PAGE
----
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Photo: Alex Milan Tracy, Sipa USA, AP via The Washington Post
JP Morgan Chase, the largest funder of oil and gas projects in the Arctic, announced on Monday that it will no longer fund those projects and it will reduce its investment in coal-fired power projects, but it will continue to invest in oil and gas projects in the rest of the U.S. Ironically, in a report to its customers that was leaked to the media, JP Morgan’s economists said that without action on climate change, there could be “catastrophic outcomes” and though they recommended a global tax on carbon, they also recognized that there would not be such a tax anytime soon.
Why This Matters: The commitment by JP Morgan to stay out of the Arctic shows that pressure from the public is working — forcing the bank to reconsider its fossil fuel loans and investments in a part of the planet which is changing more rapidly than most areas. But you gotta wonder why they are not heeding their own experts’ advice and doing more to end fossil fuel investments in other areas too. This disparity in words and actions should shake the confidence of its customers — particularly since the JP Morgan economists did not mince their words — there is nothing subtle about “catastrophic outcomes where human life as we know it is threatened.” And it means that by continuing with fossil fuel investments they are knowingly contributing to the life-threatening climate catastrophe.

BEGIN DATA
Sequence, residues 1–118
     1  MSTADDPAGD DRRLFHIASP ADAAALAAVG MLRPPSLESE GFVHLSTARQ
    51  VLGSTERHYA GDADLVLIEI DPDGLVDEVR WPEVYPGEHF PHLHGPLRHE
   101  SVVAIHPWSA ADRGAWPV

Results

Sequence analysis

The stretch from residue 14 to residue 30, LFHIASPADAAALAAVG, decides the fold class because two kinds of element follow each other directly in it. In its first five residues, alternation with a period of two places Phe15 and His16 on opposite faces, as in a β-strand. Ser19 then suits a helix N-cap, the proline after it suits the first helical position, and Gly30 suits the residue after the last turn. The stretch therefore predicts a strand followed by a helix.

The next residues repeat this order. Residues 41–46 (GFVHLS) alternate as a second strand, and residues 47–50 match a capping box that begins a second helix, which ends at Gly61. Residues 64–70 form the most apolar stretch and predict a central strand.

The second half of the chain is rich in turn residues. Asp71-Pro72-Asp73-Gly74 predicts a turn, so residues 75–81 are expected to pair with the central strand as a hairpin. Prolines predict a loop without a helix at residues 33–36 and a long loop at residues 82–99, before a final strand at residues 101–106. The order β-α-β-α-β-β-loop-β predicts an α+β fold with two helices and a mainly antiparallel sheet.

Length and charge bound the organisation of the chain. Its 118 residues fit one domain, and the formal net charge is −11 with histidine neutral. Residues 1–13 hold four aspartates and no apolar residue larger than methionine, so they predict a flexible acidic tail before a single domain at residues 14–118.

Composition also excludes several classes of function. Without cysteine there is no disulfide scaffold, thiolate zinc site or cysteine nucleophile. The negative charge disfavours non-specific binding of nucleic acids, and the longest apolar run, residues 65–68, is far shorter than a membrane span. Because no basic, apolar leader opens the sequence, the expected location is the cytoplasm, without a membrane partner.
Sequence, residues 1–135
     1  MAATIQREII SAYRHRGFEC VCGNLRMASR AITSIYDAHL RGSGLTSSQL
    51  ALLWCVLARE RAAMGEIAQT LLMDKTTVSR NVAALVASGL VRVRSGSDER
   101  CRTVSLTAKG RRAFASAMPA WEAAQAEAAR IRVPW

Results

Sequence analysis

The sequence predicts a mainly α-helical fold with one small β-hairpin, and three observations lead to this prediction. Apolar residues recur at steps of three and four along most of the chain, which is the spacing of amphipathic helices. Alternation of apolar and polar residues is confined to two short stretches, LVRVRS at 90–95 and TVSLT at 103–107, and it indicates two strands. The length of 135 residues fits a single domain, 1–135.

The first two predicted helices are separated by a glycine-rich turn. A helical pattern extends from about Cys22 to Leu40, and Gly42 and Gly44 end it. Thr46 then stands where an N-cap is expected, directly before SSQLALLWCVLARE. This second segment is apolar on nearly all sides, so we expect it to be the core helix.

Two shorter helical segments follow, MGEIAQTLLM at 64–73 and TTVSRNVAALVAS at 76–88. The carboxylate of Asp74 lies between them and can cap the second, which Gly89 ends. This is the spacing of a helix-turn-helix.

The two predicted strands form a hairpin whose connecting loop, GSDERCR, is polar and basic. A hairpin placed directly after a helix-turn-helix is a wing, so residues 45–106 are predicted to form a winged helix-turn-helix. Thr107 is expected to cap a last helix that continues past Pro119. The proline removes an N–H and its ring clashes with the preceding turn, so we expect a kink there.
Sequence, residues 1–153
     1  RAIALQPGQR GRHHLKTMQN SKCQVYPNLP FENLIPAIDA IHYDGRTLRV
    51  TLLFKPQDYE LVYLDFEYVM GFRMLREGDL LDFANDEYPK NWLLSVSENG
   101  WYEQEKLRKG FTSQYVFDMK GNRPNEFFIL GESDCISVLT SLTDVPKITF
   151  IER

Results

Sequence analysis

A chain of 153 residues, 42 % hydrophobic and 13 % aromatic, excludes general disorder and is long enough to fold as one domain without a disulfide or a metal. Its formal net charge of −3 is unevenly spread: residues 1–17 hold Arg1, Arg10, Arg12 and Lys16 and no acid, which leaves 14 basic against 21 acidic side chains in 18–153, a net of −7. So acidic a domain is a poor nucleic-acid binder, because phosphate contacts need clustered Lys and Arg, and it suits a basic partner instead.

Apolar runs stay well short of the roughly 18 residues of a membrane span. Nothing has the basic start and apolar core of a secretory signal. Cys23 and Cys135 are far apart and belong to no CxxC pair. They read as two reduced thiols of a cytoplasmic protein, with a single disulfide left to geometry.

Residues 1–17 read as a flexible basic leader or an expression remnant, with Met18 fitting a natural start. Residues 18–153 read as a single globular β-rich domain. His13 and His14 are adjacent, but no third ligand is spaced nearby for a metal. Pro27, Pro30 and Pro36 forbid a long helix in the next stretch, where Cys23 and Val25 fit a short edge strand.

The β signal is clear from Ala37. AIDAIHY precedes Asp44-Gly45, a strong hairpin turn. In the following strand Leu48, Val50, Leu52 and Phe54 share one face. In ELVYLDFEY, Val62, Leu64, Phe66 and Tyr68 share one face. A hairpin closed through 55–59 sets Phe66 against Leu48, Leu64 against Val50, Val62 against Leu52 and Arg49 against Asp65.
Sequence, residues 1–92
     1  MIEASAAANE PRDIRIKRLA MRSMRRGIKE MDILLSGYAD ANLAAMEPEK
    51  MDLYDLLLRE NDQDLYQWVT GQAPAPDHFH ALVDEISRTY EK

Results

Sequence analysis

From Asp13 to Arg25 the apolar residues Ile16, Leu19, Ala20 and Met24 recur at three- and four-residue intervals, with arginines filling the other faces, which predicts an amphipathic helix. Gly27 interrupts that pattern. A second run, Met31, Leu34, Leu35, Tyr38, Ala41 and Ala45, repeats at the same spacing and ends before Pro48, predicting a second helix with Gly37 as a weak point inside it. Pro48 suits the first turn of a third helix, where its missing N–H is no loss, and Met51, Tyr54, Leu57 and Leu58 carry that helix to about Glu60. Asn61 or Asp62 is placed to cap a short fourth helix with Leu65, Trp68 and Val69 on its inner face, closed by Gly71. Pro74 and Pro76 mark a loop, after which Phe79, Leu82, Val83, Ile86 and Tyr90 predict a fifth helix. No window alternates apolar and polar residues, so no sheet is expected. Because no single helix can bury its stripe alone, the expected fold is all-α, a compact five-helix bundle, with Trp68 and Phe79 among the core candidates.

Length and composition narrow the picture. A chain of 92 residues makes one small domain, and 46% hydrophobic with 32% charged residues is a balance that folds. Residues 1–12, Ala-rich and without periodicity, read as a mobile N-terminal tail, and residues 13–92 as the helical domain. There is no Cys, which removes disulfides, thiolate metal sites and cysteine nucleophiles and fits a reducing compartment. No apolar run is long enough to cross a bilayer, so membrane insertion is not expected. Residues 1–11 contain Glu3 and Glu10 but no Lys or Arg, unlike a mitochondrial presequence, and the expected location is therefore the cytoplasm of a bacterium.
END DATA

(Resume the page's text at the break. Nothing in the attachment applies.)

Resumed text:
JP Morgan’s Warning
Here are the highlights of the JP Morgan climate advice, per the BBC:
One energy analyst told The Washington Post that the commitment not to invest in Arctic development is not hugely impactful because “Oil and gas activity in the Arctic is so slim anyway that lending for such activity is essentially meaningless.” Many Chase bank branches have seen protests recently due to the bank’s significant role in underwriting the oil, gas and coal industries. Of banks in the U.S., JP Morgan is the largest funder of oil and gas drilling in the Arctic and of tar sands extraction in Canada. Moreover, the bank’s board has former ExxonMobil chief executive Lee R. Raymond, who has a long record of dismissing concerns about climate change. Axios reported that JP Morgan also felt public pressure via shareholder resolutions as well.
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